US Wind’s proposed turbine array off Maryland and Delaware is the focus of the Biden administration’s 10th environmental assessment of East Coast wind power projects, with the first online public meetings to be held in late June.

Potentially numbering up to 121 turbines and 2,000 megawatts of power capacity, US Wind’s plan could include four offshore substation platforms. Export cables carrying power from the substations to shore would have landfalls in the Delaware Seashore State Park, or at the seaside resort of Rehoboth Beach, Del.

This week the Department of Interior is publishing a notice of its plan to prepare an environmental impact statement for US Wind’s construction and operations plan. US Wind holds a lease from the department’s Bureau of Ocean Energy Management that lies about 10 nautical miles east of Ocean City, Md., and 9 miles from Sussex County on Delaware’s Atlantic shore.

Plans by US Wind and Ørsted to develop wind power off the Delaware, Maryland and Virginia coastline of the mid-Atlantic have stirred support from some business groups in Maryland’s Eastern Shore region – and determined opposition from Ocean City officials and allied tourism businesses, who say the presence of turbines near the ocean horizon will discourage summer visitors.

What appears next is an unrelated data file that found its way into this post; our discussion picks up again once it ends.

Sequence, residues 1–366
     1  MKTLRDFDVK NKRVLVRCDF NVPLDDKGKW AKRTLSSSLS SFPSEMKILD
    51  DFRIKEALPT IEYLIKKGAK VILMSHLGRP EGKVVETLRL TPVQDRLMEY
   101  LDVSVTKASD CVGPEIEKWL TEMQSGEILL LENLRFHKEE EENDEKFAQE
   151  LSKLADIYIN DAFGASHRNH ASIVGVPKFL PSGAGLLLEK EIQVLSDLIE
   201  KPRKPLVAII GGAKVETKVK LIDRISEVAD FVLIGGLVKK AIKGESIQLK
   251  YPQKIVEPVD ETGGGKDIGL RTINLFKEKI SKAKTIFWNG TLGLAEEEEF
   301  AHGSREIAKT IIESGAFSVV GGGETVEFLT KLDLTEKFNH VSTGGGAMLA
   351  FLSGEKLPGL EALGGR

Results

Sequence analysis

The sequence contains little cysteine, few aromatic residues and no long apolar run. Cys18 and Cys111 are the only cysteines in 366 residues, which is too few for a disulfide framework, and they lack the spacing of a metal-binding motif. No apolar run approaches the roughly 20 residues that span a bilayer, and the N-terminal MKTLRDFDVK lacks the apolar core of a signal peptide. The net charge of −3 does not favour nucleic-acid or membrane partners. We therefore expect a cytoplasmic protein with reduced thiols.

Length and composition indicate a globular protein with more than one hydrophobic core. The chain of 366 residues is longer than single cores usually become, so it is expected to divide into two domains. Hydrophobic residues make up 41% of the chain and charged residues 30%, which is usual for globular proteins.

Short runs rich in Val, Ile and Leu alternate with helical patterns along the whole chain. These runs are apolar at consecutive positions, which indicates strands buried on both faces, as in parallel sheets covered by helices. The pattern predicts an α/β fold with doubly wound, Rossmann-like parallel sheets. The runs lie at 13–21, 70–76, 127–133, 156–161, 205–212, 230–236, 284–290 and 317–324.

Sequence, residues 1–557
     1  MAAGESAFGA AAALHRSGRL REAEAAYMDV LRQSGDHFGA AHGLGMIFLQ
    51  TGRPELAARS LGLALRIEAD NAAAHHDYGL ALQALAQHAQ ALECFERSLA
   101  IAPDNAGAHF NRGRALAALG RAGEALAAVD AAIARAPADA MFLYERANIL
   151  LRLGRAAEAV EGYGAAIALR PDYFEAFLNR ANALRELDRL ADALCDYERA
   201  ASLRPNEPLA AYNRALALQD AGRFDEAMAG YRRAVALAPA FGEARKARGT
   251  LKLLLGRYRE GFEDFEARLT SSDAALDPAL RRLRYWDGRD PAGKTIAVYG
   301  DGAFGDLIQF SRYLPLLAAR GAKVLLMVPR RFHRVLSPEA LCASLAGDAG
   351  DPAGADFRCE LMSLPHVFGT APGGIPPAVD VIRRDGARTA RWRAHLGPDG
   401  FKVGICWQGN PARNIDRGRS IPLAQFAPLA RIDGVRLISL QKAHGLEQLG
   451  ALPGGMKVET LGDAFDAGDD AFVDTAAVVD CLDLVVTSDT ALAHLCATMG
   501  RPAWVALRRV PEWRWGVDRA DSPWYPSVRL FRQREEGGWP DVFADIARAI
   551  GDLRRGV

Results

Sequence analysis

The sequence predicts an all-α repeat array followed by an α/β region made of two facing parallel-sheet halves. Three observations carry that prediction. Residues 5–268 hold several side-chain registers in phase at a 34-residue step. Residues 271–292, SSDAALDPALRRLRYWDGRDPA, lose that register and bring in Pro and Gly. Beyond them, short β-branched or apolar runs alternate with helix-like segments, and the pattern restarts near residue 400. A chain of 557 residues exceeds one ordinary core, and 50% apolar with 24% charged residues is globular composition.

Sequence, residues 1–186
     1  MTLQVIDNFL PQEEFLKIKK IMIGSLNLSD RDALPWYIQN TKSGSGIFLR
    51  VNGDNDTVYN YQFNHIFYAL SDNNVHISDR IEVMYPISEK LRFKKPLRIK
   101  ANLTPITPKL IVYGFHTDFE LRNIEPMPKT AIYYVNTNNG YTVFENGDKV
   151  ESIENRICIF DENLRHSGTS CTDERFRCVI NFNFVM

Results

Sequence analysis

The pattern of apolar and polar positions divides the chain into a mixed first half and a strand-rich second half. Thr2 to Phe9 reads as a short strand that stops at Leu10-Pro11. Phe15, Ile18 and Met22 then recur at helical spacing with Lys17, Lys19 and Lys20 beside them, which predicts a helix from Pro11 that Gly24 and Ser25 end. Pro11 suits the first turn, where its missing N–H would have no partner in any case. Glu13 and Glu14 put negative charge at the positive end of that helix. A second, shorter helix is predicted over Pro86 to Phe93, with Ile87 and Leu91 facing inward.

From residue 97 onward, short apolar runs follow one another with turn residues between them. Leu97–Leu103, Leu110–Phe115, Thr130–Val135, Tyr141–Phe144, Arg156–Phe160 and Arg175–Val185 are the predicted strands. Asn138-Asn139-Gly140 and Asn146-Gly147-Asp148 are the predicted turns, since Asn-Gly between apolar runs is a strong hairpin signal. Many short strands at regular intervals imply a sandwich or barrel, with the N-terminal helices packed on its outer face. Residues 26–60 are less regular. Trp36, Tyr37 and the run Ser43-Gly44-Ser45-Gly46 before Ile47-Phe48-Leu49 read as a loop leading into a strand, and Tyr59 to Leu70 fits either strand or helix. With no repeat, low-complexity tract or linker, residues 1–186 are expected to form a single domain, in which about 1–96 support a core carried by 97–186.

Fishermen have objected vigorously too, saying that offshore survey work by the developers’ geotechnical contractors has damaged their gear and effectively denied them use of longtime fishing grounds for conch and black sea bass.

At an April 5 meeting with the Mid-Atlantic Fishery Management Council, BOEM Director Amanda Lefton heard those complaints firsthand from fishermen in the room. In announcing the start of the environmental impact process, Lefton said “we look forward to receiving input from our government partners, ocean users and other stakeholders, which is critical to a successful environmental review process.” 

The publication of BOEM’s notice of intent opens a 30-day public comment period through July 8 that will help BOEM determine the scope of its environmental review.

Three virtual public scoping meetings will be held in the early phase of the process:

- Tuesday, June 21, at 5 p.m. Eastern

- Thursday, June 23, at 5 p.m.

- Monday, June 27, at 1 p.m.

BOEM’s website has information about the US Wind proposal, information on how people can comment and instructions on registering for the virtual public meetings.

Contributing Editor Kirk Moore was a reporter for the Asbury Park Press for over 30 years before joining WorkBoat in 2015. He wrote several award-winning stories on marine, environmental, coastal and military issues that helped drive federal and state government policy changes. He has also been an editor for WorkBoat’s sister publication, National Fisherman, for over 25 years. Moore was awarded the Online News Association 2011 Knight Award for Public Service for the “Barnegat Bay Under Stress,” 2010 series that led to the New Jersey state government’s restoration plan. He lives in West Creek, N.J.

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